General Laws c. 60 § 62 provides a statutory scheme for the redemption of land taken for taxes.  Section 62 provides in relevant part that "...[a]ny person having an interest in land taken or sold for nonpayment of taxes... at any time prior to the filing of a petition for foreclosure...may redeem the same by paying or tendering to the treasurer the amount of the tax title account of the land being redeemed..." M.G.L. c. 60 §62 (emphasis added).  This section would appear to suggest that a taxpayer must redeem prior to the foreclosure sale and according to an inflexible statutory procedure.   However, in the caselaw appurtenant to section 68 of chapter 60, the Supreme Judicial Court makes it clear that the statutory procedure provided in §68 should take a back seat to the legislature's aim of engendering the redemption of realty in tax title.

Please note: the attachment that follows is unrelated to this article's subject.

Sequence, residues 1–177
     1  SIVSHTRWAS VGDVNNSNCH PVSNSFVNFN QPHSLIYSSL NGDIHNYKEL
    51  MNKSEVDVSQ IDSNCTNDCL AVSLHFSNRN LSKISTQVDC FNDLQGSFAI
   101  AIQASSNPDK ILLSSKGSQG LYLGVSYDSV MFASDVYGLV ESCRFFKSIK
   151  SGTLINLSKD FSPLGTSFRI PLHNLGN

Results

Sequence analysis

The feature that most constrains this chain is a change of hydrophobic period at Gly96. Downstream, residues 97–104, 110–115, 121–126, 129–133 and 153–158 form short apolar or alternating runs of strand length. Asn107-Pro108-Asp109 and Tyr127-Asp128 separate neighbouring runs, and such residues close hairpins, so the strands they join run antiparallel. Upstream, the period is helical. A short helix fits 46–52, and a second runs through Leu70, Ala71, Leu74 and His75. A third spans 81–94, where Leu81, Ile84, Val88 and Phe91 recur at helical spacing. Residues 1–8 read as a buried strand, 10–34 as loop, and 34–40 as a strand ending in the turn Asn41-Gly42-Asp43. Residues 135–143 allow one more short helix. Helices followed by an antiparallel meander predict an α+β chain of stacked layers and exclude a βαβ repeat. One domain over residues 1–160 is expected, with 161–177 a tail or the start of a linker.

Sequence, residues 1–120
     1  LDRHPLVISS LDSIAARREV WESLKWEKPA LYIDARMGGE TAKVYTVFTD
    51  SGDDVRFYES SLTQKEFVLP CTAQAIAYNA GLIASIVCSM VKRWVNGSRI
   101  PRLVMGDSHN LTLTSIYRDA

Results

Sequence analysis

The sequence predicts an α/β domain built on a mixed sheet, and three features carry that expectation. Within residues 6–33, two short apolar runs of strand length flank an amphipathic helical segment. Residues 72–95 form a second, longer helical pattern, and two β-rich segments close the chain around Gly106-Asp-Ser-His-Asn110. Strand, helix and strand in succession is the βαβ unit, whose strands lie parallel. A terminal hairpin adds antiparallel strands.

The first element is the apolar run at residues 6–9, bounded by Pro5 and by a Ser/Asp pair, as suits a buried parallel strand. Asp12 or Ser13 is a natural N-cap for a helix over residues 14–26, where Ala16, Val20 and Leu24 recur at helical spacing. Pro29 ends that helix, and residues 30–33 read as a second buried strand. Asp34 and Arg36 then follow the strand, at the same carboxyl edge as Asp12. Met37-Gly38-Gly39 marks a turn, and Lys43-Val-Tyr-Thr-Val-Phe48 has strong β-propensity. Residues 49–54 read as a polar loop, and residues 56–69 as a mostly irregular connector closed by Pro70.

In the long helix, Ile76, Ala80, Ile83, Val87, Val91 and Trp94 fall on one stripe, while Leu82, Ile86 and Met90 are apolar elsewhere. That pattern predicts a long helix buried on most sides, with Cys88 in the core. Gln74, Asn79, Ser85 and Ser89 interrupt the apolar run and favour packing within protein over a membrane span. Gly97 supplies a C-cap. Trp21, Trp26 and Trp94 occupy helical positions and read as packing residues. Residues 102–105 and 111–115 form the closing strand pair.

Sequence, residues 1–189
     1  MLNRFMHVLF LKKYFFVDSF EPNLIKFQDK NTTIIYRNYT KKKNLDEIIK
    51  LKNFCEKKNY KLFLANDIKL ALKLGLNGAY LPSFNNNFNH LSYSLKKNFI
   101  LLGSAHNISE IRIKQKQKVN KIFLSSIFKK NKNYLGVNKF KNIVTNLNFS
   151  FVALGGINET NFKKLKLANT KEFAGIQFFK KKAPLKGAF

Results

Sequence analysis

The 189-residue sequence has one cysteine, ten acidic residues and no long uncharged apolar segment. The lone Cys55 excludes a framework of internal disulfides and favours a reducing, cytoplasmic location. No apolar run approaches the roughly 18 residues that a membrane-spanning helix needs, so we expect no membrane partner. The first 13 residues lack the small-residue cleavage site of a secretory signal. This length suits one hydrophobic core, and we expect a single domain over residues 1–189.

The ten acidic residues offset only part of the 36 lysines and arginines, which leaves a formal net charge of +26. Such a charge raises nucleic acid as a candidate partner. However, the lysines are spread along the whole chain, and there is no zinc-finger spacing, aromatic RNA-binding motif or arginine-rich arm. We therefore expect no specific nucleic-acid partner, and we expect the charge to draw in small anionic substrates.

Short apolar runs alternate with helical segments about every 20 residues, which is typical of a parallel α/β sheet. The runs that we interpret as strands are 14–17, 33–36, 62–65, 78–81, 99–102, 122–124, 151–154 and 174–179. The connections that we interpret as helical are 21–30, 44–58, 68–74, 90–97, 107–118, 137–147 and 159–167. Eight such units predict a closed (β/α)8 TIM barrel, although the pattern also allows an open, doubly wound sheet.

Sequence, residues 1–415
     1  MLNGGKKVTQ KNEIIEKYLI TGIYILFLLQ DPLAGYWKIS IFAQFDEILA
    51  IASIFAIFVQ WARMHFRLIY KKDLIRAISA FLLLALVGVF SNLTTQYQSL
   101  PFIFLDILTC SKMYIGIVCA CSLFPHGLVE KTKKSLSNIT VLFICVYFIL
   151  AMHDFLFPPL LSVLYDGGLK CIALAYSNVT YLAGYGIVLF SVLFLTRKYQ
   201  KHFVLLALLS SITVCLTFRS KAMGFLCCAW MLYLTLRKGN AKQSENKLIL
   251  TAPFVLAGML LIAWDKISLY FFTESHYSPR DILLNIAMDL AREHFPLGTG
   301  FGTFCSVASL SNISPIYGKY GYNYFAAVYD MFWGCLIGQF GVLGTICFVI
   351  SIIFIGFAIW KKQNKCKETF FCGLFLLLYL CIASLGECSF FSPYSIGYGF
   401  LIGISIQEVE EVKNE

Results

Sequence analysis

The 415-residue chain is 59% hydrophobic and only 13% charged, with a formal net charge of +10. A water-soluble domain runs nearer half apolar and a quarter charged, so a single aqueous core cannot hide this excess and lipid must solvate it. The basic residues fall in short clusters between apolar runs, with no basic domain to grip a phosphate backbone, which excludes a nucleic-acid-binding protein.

In Town of Lynnfield v. Owner's Unknown, 397 Mass. 470, 492 N.E.2d 86 (1986), the Supreme Judicial Court was asked to review a decision of the Land Court foreclosing the rights of redemption of a taxpayer ready to redeem its realty in Lynnfield. Town of Lynnfield v. Owner's Unknown, 492 N.E.2d 86 at 88.  After trial, the land court judge entered a decree foreclosing all rights of redemption in the subject realty notwithstanding the taxpayer's ability to pay the outstanding amounts due. Id at 88.  The trial judge's holding was based on her determination that "...G.L. c. 60 vested her with complete discretion to deny the [taxpayer's] motion to redeem the property..." Id at 88.  In reversing the trial court, Justice O'Connor promulgated a more restrictive interpretation of §68.  He found that the discretion contemplated by the legislature in drafting the statute was not absolute. Rather such discretion was " to determining a party's ownership interest in the property and his or her financial capability to redeem, and to setting the terms of redemption...". Id at 89. The Court noted in dicta that M.G.L. c. 60 was designed with a singular purpose;